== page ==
Sony MX550i review
Sony MX550i reviewT3
Compatible with the iPhone 4, Sony's latest mini hi-fi adds DAB+, CD and USB stick playback
While traditional two-channel audio in on the decline, as more people get Apple iPods, docks and DAB radios have been gaining market share of late, so it’s no surprise that Sony has combined both in its latest mini hi-fi.
With a list price of £219, Sony’s CMT-MX550i nevertheless sports a traditional look. Sold with two medium-sized black wooden bookshelf speakers, the main unit is similarly conservative; a smoked glass panel surrounds a LED display beside a huge volume knob that recalls hi-fis of old. Below is a grey plastic fascia sporting all the CMT-MX550i’s controls and a CD player, though it’s not all old skool – also present is a USB slot and a flip-down iPod dock that can house almost any Apple device, including the latest Apple iPhone 4.
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That iPod dock is surely the Sony MX550i’s headline feature, though it also makes for an excellent radio. As well as a standard DAB tuner there’s a DAB+ version for receiving the upgraded radio signal expected to start broadcasting in the UK within a few years (DAB+ is already broadcast in some European countries). DAB is simple to operate after a station scan, though it’s far easier to use the Sony MX550i’s own controls rather than rely on the remote’s confusing array of tiny and tightly specific buttons.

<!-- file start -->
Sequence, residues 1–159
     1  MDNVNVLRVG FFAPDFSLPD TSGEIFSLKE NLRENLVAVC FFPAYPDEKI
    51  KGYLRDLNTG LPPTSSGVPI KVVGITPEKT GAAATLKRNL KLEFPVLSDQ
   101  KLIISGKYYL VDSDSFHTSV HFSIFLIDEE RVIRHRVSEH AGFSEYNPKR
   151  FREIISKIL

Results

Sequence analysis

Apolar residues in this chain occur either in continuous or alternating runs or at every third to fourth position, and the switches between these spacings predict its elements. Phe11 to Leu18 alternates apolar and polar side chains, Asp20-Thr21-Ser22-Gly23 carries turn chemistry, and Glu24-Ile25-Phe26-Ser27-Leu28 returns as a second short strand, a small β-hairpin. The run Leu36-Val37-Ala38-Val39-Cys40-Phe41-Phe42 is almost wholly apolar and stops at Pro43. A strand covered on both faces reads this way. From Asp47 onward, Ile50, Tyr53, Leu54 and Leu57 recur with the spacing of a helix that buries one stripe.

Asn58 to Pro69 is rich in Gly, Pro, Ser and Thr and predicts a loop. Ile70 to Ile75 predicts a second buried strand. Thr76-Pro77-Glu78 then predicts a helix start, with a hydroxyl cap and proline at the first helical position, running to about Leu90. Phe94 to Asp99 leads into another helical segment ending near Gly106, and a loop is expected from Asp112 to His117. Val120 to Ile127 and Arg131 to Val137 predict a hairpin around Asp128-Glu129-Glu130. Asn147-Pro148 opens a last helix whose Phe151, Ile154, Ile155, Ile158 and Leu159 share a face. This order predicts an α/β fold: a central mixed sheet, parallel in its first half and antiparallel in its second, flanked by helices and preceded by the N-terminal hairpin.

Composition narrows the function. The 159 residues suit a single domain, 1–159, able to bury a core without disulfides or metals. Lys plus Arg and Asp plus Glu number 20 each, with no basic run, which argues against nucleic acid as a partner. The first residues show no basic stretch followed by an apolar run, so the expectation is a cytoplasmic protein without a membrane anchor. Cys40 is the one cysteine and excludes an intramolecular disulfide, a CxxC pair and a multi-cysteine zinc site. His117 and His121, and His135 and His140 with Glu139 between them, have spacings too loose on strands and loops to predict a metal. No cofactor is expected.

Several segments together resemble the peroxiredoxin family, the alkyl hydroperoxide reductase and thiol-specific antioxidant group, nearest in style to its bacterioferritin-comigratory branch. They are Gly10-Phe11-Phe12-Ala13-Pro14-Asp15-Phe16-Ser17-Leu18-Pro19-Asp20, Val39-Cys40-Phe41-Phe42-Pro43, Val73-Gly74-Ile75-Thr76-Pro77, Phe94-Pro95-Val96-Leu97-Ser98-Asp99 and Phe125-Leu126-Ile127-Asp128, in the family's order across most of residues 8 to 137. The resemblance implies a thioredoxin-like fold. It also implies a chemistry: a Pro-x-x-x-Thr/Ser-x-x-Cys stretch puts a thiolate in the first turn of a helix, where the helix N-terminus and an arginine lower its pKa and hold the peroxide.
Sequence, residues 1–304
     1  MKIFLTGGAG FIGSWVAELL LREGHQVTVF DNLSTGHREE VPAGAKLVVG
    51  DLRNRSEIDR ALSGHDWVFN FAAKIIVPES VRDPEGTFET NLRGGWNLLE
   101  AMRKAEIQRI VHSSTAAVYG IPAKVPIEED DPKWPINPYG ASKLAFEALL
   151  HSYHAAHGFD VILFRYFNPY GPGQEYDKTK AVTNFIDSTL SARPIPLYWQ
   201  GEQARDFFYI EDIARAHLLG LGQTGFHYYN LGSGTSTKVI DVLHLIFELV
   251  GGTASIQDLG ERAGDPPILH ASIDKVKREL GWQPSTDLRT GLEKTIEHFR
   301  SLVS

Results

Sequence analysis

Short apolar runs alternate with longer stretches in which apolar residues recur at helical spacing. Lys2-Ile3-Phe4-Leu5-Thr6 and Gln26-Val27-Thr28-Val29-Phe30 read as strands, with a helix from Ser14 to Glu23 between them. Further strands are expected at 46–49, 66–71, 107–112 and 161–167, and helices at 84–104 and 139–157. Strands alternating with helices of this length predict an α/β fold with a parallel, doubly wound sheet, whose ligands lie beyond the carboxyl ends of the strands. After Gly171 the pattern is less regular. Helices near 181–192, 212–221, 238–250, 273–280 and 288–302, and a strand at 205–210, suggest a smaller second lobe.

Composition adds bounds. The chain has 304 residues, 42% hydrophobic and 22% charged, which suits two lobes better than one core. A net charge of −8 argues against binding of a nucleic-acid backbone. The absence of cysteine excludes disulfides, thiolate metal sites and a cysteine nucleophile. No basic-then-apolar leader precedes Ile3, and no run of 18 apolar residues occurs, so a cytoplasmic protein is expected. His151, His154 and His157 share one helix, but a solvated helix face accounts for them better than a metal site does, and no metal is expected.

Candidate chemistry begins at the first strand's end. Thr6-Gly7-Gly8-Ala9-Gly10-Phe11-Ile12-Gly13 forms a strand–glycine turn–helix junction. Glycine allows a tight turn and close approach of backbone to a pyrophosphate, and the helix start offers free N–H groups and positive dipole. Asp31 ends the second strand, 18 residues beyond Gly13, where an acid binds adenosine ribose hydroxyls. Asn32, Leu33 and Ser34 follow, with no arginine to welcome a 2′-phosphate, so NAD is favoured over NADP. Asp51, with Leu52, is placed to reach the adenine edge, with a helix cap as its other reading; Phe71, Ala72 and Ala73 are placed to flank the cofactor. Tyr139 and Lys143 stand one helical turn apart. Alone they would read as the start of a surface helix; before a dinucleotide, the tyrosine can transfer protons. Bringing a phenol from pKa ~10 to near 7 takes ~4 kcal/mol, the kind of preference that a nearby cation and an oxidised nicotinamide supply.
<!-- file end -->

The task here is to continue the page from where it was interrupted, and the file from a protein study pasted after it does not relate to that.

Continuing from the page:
It’s a similar story with USB playback, which is otherwise impressive; names of individual folders of MP3 files on a USB stick are recognised, as are track names.
The crown jewel, though, is iPod/iPhone playback; as well as charging it, it’s possible to fully control the menus from the remote. If you don’t have an iPod/iPhone, there is a simple audio input, though oddly no headphones jack.
Sony MX550i: Sound quality
Although by now you may have ripped and sold your CD collection, returning to the old ways on the Sony MX550i is an ear-opener; sound quality is inherently more detailed and stable on CD. That said, the it does a sterling job with both USB sticks and iPods/iPhones, with functionality matched by some decent sonics.
Simple adjustments to treble and bass are possible, and though low frequency effects can sound a little divorced from the soundscape, the unit’s S-Master digital amplifier pumps out detailed, yet warm and effective stereo from its 60W speakers.
Sony MX550i: The cost
Sony’s inclusion of a future-proof DAB+ tuner (as well as FM) is something of a coup and, in practice, ‘real’ radio proves far more useful that having access to the globe’s many obscure radio stations available on ‘connected’ hi-fi rivals.
And with excellent iPod functionality, simple USB operation and impressive sound quality across all sources, the Sony -MX550i makes for a good value system if you’re after something that blends the old with the new
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